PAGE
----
As I write this, two things are happening simultaneously: The RSA Security Conference is in full swing and so is COVID-19 (coronavirus). It’s a strange juxtaposition. There is geographic proximity in that the conference is going on undeterred just a few blocks from where the mayor declared a state of emergency (during the event) due to the ongoing spread of the virus.
There’s also topical alignment since the RSA Conference, itself a pillar in an industry intimately concerned with risk management, makes starkly clear the risk management decisions made by the attendees at the event (as well as notable non-attendees like IBM, AT&T and Verizon.) In short, it’s an interesting split screen moment.
At first blush, it may seem morbid — or akin to fear mongering — to discuss these two things simultaneously. However, I think unpacking and examining it has practical value for security practitioners, in particular for those concerned with the broader topic of risk.
Specifically, it provides us with a rare window into the risk management decisions of both large and small firms, and it’s a reminder for security and risk practitioners about foundational but often overlooked elements of security planning.
Considering both of these aspects can help us hone our risk management efforts and improve our overall security posture.
Assessing Your Risk Appetite
Let’s start with the first one: what we can learn about the risk management calculations made by the firms that decided to attend (or pass up) the RSA Conference this year, specifically with reference to what it says about their risk appetite and ours.
It is beyond obvious to say that the decision to withdraw from the event could not have been easy for the organizations that did so. IBM, for example, is one of the larger players in the security products space: For the eleventh straight year Gartner named IBM’s QRadar in the leaders segment of its SIEM magic quadrant; IBM was slotted to be a platinum sponsor of the event (the second-highest sponsorship tier); and IBM owns subsidiaries that are relevant to the security community (notably Red Hat.)
While only IBM itself knows for sure the full business impact of its decision to withdraw from RSA, its calculation must have factored in significant direct and indirect financial loss. There is not only the direct loss of investments already made and resources already committed (e.g. costs incurred for printed materials, employee travel, shipping of materials, and employee time spent planning for the event), but also opportunity cost in the form of business not conducted, deals not closed, and customer interactions missed.
Given the fact that, at the time the decision was made, only a handful of COVID-19 infections were confirmed in the U.S., this tells us something significant about the risk management calculations these firms made.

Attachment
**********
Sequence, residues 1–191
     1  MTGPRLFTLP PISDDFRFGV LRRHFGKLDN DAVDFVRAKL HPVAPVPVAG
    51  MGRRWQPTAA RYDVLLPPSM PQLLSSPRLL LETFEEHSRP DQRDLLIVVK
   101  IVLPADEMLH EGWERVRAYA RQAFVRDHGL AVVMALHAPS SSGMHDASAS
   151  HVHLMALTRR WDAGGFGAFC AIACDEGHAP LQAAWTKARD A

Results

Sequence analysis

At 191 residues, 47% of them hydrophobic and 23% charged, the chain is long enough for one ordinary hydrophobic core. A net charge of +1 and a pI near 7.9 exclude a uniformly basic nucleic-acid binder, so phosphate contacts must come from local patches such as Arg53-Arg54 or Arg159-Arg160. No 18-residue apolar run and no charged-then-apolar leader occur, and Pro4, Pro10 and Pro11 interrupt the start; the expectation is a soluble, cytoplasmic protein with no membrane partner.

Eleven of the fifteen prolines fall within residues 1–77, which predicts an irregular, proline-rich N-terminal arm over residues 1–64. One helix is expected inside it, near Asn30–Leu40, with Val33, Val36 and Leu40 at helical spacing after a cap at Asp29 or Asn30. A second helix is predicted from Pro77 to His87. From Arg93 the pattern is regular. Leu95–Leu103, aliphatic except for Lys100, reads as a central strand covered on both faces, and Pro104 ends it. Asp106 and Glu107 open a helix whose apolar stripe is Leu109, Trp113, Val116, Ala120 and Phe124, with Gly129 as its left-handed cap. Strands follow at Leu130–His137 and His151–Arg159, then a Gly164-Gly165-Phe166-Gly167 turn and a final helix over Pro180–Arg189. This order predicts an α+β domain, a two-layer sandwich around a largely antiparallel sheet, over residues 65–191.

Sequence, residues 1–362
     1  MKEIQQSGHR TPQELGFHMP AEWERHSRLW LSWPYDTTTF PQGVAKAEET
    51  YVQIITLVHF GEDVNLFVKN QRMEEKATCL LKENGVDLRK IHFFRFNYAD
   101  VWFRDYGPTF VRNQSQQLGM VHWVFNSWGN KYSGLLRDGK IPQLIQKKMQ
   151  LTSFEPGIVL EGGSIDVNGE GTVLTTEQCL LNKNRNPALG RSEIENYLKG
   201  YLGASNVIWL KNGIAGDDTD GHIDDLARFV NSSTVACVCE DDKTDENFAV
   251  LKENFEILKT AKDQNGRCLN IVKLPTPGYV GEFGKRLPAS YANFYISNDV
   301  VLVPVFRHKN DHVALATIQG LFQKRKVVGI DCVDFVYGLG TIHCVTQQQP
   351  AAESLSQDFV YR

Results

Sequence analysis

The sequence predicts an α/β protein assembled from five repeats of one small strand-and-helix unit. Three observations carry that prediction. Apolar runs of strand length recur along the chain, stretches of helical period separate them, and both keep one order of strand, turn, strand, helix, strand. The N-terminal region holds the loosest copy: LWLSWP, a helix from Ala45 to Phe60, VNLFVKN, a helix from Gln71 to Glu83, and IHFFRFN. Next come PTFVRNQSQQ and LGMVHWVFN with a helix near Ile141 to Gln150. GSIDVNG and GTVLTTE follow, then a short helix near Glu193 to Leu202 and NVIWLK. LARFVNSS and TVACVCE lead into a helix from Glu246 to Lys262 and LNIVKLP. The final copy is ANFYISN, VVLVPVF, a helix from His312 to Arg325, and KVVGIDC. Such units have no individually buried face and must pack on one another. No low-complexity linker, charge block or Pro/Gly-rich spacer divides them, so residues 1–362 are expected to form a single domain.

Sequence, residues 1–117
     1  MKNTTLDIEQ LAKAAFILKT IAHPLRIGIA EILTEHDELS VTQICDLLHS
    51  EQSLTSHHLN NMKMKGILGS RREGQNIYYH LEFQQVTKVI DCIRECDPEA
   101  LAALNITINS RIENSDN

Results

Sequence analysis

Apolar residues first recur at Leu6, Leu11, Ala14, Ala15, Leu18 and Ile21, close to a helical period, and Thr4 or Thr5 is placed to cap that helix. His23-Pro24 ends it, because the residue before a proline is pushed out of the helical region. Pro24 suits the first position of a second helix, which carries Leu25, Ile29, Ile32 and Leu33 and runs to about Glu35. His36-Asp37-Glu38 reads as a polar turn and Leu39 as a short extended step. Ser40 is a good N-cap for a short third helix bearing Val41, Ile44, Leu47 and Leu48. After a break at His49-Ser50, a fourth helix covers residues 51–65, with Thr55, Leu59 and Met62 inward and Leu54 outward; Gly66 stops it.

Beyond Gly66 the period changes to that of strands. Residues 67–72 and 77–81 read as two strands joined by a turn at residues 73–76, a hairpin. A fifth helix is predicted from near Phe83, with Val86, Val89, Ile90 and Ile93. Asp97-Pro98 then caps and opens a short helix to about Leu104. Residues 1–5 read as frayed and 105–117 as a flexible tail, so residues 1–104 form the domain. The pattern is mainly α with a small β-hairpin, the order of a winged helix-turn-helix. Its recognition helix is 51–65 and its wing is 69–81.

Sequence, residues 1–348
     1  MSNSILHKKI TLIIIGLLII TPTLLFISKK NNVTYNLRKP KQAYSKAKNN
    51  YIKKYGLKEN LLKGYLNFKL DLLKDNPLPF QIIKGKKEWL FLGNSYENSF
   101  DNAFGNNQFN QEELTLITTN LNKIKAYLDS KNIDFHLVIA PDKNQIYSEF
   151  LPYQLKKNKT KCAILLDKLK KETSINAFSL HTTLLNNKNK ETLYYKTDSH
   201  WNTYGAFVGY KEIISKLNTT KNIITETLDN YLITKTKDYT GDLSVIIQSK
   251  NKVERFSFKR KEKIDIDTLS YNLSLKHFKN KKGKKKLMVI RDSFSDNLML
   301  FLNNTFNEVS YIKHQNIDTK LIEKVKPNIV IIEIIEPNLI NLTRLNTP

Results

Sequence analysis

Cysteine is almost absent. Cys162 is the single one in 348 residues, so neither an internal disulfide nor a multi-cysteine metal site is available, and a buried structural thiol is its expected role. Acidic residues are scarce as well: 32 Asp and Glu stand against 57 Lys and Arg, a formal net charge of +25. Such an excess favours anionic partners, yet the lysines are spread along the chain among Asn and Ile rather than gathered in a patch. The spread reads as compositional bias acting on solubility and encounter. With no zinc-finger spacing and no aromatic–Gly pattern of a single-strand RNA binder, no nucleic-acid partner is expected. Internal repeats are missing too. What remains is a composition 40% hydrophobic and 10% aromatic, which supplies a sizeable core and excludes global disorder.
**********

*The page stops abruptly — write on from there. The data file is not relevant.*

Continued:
Note that I’m not suggesting they were right or wrong in making the decisions they did. The same decisions may have been right for them but wrong for another firm. This is what makes it so interesting from a pure risk management point of view.
In particular, it’s interesting because many organizations don’t stop to consider their own risk appetite, either holistically or systematically. This leaves them scrambling when the time comes to make a hard call like this one. On one hand, there is the direct financial cost and the long tail of the opportunity cost; on the other, there are the potential liability ramifications if one or more employees become infected.
The point? Whether you’re a large, multinational firm employing a formalized risk management process or whether you’re a small startup figuring it out as you go, a thorough and workmanlike analysis around your own risk appetite is time well spent.
Cultivating the Preparedness Habit
The second area where I think we can learn is around the idea of ongoing preparedness. This one might be self-evident, but a moment like this can serve as a reminder and a call to action if preparedness documentation has sat on the shelf gathering dust for quite some time.
Specifically, it’s possible that we’re on the cusp of major disruption to business as usual. Depending on whom you ask, “possible” falls anywhere on a spectrum of very remote to an almost certainty — but it is inarguable to say that a pandemic could come to pass over a fairly short planning horizon.
Preplanning and preparation can mean the difference between calm, rational decision-making and last-minute scrambling or, worse yet, trying to wing it in the face of some crisis. Therefore, now might be a good time to take stock of what exactly your plan is if there is a large-scale outage or disruption to business.
This true whether or not you personally believe it is likely to come to pass. If it turns out that you have invested some time thinking through a scenario that doesn’t occur, you’ll be better off for the future.
This applies to business continuity planning generally, as well as pandemic planning specifically. It can include continuity considerations in the abstract: addressing questions like, “How will employees perform their duties if they cannot get to a physical location?”
It also can address more specific questions like, “What are the liability implications of requiring employees to come to a facility where they may become sick?”
Either way, by thinking these things through ahead of time we’ll be ready if we should we find ourselves in the worst-case timeline.
Note here that I’m not suggesting every firm needs a pandemic plan. I’m also not suggesting that you drop everything and try to cram in a major BCP exercise right now. Anyone who’s done one knows that a soup-to-nuts exercise takes months, and trying to conduct one in a systematic, adrenalin-free way before COVID-19 resolves, one way or the other, likely isn’t possible.
Instead, my broader message is twofold: 1) Any planning is good planning; and 2) What’s going on in the headlines is a good reminder why.